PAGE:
(CNN) -- The war crimes tribunal trying former Liberian President Charles Taylor has taken a step toward requiring supermodel Naomi Campbell to testify, the court announced Wednesday.
Prosecutors last month asked the court to order her to testify about allegations she got a "blood diamond" from Taylor, and requested permission to reopen their case against him.
The court Tuesday granted the prosecution request, according to court documents posted online Wednesday.
It has not yet ruled on the subpoena for Campbell, but allowing prosecutors to reopen the case gives a hint as to which way it will decide, a court spokesman said.
The prosecution -- which rested in February of last year -- asked to reopen their case specifically to call Campbell, as well as actress Mia Farrow and a witness named Carole Taylor, court papers show.
The court did not say when it would rule on the request for a subpoena for Campbell. Farrow and Taylor have indicated they will testify voluntarily, court spokesman Peter Andersen told CNN.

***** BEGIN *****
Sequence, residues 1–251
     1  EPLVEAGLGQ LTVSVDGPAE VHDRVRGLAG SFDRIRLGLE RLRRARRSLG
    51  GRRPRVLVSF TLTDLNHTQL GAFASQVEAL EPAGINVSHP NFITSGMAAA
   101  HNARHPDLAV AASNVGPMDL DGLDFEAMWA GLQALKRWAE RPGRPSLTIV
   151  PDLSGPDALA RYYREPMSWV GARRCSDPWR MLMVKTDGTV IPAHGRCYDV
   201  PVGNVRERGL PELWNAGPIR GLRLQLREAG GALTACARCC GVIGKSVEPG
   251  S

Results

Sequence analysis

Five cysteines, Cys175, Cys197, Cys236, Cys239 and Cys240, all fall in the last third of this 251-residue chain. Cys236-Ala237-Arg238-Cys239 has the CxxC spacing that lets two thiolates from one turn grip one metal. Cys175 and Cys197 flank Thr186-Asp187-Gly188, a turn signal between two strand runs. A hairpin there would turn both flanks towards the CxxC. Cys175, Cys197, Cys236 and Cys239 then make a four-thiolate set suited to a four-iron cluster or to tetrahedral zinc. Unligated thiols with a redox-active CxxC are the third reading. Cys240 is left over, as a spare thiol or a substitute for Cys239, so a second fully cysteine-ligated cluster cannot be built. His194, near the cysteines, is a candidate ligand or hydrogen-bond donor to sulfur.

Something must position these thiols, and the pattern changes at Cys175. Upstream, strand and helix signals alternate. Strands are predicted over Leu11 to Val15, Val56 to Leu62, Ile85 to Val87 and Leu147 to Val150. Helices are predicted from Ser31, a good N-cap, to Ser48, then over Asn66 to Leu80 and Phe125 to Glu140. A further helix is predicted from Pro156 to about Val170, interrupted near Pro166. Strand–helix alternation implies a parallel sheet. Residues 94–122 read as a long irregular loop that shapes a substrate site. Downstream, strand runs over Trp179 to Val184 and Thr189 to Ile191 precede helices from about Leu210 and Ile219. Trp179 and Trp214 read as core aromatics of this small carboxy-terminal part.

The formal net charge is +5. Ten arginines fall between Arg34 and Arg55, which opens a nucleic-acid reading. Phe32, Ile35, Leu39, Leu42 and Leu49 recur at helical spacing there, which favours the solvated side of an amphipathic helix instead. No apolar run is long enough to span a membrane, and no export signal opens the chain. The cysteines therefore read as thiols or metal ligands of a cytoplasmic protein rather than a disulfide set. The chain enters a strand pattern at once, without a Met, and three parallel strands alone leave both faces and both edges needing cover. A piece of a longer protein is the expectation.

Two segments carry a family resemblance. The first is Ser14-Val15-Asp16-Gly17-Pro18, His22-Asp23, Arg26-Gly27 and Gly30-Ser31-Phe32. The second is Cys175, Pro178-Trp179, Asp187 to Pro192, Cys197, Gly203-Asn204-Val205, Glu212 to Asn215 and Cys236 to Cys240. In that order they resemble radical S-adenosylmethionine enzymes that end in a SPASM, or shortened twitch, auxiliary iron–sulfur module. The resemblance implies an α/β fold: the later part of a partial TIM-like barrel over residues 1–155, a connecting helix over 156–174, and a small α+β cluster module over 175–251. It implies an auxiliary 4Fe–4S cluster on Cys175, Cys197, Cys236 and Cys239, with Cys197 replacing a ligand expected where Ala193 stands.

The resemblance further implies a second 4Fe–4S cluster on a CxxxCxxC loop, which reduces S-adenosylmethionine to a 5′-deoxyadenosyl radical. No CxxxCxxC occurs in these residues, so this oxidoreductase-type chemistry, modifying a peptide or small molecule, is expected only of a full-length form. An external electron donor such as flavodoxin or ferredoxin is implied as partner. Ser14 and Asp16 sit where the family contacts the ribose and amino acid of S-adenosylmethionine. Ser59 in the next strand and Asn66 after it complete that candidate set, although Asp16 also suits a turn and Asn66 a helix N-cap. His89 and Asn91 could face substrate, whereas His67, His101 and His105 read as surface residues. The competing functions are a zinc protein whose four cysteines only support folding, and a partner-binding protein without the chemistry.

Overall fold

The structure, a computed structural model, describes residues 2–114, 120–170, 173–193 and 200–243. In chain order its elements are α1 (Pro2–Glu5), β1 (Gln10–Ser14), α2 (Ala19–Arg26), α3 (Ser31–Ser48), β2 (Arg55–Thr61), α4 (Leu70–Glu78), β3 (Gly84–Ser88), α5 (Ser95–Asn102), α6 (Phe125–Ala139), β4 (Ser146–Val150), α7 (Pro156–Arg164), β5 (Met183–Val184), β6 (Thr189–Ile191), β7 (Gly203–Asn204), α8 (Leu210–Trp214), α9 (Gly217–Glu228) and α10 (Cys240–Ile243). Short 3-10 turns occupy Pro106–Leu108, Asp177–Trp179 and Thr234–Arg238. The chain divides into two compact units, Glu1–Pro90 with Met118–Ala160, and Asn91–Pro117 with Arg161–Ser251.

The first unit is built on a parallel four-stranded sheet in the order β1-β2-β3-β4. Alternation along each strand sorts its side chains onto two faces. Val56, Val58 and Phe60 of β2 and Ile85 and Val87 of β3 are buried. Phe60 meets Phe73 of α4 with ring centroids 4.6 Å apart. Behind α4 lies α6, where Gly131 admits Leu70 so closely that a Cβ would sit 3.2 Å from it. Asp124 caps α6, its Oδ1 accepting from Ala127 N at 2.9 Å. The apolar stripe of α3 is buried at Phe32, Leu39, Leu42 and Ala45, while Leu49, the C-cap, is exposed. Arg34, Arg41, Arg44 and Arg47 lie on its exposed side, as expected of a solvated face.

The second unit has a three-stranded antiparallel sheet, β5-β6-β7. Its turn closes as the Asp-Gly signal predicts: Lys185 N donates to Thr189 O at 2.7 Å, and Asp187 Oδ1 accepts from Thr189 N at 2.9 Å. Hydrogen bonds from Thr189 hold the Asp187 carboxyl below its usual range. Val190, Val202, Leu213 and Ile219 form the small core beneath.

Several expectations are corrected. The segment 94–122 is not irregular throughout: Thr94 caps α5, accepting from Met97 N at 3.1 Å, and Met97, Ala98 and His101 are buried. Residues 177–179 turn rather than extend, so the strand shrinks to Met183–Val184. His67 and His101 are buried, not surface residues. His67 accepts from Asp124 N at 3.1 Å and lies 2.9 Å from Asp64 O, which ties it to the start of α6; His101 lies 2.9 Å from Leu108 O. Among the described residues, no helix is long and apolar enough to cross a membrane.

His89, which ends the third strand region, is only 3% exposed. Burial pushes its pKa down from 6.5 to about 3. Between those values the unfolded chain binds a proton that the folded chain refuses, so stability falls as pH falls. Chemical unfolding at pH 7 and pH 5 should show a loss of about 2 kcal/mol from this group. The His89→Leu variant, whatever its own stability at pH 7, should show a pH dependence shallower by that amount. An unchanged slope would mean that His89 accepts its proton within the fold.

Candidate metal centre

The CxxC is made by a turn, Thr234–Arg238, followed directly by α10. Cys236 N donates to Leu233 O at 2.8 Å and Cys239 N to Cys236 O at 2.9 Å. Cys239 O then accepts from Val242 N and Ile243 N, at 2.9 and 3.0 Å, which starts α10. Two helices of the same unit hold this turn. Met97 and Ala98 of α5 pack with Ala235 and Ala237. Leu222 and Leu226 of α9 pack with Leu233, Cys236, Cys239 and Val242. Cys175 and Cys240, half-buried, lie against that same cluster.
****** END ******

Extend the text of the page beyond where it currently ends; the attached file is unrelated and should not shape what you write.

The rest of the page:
But Campbell's testimony would be expected in July or August, he said, citing the court's schedule.
The tribunal does not have its own police, so it is not clear what power it would have to enforce a subpoena, Andersen said.
"I am hoping that we don't have to find out," he said.
The prosecution says Campbell received rough diamonds from Taylor, and claimed her testimony would prove that the former president "used rough diamonds for personal enrichment and arms purchases," according to papers filed with the U.N.-backed court.
Campbell has said she does not want to be involved in the case, prosecutors said, forcing them to ask the court to issue a subpoena ordering her to appear.
"Her anticipated evidence rebuts the accused's testimony that he never possessed rough diamonds," prosecutors said.
Prosecutors said they learned in June 2009 that Taylor had given the supermodel a diamond in South Africa in 1997. The actress Mia Farrow confirmed it, they said.
Taylor, 62, has been on trial for more than three years. He is accused of fueling a bloody civil war in Sierra Leone that led to widespread murder, rape and mutilation.
Rough diamonds, also known as "blood diamonds" or "conflict diamonds," were a key component of the war, both fueling it and being used as currency in it.